April 2000

Glasgow: WAX336, 2000
9 x 15cm, 4pp. Artist's card which alternates lower case "i"s in the fonts Johnston and Gill Sans on the front in white and blue. The shape of the dot over each eye differs between fonts: one is rounded and the other a diamond shape. Edward Johnston designed his font for the London Transport network in 1915, and Eric Gill designed his font around 1927.
The poem inside the card reads:
Johston's diamonds
Gill's pearls
Early concrete poem card by Bellingham. VG+.


17 x 17 x 10cm, block of four etched stones on a marble base. An unique work with stylised Greek ionic columns holding a "frieze" with the words around the stones:

how blue! how far! how sad! how small! how white!

The texts are exclamations about a horizon where the sky meets the ground and a reminder how great forces are at work in the natural world hence this is a Romantic work.
This is an unique small work and not a maquette for a larger work.
There are small scratches and chips in the blocks but overall it is still in VG condition. We are not aware of the date of this work - we believe in the early 2000s....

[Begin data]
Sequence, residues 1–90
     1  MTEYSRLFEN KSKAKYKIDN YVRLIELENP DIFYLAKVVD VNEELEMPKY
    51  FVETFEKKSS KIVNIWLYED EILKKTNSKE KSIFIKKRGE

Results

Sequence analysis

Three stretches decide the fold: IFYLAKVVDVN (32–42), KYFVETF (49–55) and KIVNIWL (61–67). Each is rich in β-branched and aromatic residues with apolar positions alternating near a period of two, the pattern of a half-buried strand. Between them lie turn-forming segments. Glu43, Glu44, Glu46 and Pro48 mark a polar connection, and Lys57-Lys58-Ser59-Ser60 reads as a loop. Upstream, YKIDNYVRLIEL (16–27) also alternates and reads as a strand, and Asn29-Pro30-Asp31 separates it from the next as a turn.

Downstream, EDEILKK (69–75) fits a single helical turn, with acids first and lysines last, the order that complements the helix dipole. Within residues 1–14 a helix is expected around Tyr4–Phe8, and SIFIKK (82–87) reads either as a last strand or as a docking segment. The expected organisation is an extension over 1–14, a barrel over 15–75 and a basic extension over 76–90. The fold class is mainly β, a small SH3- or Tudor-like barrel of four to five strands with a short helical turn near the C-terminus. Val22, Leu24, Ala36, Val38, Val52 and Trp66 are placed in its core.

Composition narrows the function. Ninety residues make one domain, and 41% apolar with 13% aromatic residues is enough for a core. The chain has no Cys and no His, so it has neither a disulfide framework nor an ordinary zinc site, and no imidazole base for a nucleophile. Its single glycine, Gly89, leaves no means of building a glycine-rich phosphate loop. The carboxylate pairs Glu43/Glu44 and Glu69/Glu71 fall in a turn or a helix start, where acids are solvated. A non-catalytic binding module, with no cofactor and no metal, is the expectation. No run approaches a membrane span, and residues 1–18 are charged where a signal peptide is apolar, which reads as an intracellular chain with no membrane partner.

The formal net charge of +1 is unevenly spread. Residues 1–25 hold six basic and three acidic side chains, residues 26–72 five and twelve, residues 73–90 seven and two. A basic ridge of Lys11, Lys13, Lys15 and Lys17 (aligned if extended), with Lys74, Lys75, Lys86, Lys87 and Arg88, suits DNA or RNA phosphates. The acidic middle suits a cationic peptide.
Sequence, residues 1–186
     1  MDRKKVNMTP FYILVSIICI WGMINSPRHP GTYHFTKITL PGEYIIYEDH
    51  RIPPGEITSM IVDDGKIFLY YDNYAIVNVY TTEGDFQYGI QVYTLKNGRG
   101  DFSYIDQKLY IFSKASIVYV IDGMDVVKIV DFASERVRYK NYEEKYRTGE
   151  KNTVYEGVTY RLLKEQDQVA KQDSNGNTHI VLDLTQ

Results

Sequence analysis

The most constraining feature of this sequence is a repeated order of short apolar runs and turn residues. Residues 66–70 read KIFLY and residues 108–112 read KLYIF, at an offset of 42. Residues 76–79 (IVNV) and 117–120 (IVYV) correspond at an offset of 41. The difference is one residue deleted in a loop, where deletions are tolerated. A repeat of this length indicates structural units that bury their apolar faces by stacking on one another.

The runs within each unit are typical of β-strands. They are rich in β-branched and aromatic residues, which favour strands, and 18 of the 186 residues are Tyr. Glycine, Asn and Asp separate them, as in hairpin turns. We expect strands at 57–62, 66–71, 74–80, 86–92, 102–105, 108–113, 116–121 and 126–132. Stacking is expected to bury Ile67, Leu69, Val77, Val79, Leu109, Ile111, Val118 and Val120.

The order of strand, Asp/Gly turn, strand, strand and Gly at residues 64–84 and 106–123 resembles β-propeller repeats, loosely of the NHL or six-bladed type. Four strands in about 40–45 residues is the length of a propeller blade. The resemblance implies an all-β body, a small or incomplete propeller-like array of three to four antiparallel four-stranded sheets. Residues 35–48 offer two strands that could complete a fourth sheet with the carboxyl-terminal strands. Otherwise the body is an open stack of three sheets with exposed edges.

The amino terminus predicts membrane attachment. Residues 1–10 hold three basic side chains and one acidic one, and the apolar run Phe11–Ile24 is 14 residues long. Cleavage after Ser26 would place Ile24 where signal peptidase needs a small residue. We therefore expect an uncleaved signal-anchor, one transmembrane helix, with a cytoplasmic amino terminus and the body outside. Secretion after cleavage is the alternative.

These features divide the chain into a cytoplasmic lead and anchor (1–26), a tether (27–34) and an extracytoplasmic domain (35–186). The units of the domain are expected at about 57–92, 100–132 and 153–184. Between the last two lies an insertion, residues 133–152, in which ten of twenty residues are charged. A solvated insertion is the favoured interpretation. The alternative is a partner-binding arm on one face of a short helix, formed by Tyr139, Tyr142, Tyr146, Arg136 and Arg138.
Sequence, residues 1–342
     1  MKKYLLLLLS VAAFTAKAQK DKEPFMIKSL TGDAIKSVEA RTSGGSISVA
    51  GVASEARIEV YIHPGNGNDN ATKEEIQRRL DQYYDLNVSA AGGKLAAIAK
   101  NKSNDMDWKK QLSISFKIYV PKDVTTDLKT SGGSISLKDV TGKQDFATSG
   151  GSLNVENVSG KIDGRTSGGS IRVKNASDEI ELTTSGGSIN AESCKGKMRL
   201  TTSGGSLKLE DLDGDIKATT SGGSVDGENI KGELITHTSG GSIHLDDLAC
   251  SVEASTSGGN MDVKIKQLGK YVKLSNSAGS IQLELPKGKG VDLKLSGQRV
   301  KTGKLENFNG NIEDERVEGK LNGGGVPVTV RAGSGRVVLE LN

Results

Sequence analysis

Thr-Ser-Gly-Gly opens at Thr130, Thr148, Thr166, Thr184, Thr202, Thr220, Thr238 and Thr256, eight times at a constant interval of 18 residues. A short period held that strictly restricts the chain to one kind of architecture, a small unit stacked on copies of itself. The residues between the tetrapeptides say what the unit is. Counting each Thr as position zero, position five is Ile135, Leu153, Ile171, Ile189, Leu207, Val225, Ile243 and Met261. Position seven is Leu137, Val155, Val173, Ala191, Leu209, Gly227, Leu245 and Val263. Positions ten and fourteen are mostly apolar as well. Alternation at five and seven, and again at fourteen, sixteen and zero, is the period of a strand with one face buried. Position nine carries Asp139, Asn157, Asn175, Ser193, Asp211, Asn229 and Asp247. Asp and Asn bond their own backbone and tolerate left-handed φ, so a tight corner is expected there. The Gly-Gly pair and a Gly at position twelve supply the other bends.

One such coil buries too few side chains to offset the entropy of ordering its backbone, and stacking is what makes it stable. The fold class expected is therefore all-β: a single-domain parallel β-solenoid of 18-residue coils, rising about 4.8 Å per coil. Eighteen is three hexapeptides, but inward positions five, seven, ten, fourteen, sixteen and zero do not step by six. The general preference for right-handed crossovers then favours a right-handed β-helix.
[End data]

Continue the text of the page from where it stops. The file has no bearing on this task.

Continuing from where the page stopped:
N.p. (Basel?): s.p. (Finlay), n.d.
2.5 x 3.5 x 0.75cm, two part printed matchbox content of blue tipped safety matches. The outside of the box has two separate sides – one being a promotional address and logo for a Swiss nightclub and the other (rather bizarrely) being an Ian Hamilton Finlay work with the name of a boat (Blue Lemon) with details of its port (Moray Firth) and boat number. We can find no reference to this in the Finlay literature and we do not know the limitation but it came from the collection of Finlay’s friend and collaborator Janet Boulton. In VG+ estate. Scarce.
Not in the Murray catalogue raisonne.


Edinburgh: City Arts Centre, 2000.
15 x 21cm, 2pp announcement card for a group exhibition relating to the formation of the New Scottish Parliament. The front of the card shows a Finlay work from 1999 with the new parliamentary buildings relabelled with boat's numbers.
The architect Enri Miralles used upturned fishing boats as an inspiration for his ridiculously stupid, not-fit-for purpose building (if you have visited inside you will note the rooms for the Members of Parliament are too cramped and their assistants have to sit outside the rooms in a sort of open plan area that is again far too small but Miralles died and they went ahead with it when redeveloping the Old High School on Parliament Hill would have made so much more sense - First mInister Donald Dewar pushed this through and it was one of his bad decisions along with others that affected this writer in his past employment in politics but we digress out of past ire).
The text on the back of the card is also somewhat damning of the building with its faint praise and Finlay's question that if the buildings are boats, is the Parliament at sea level? VG+.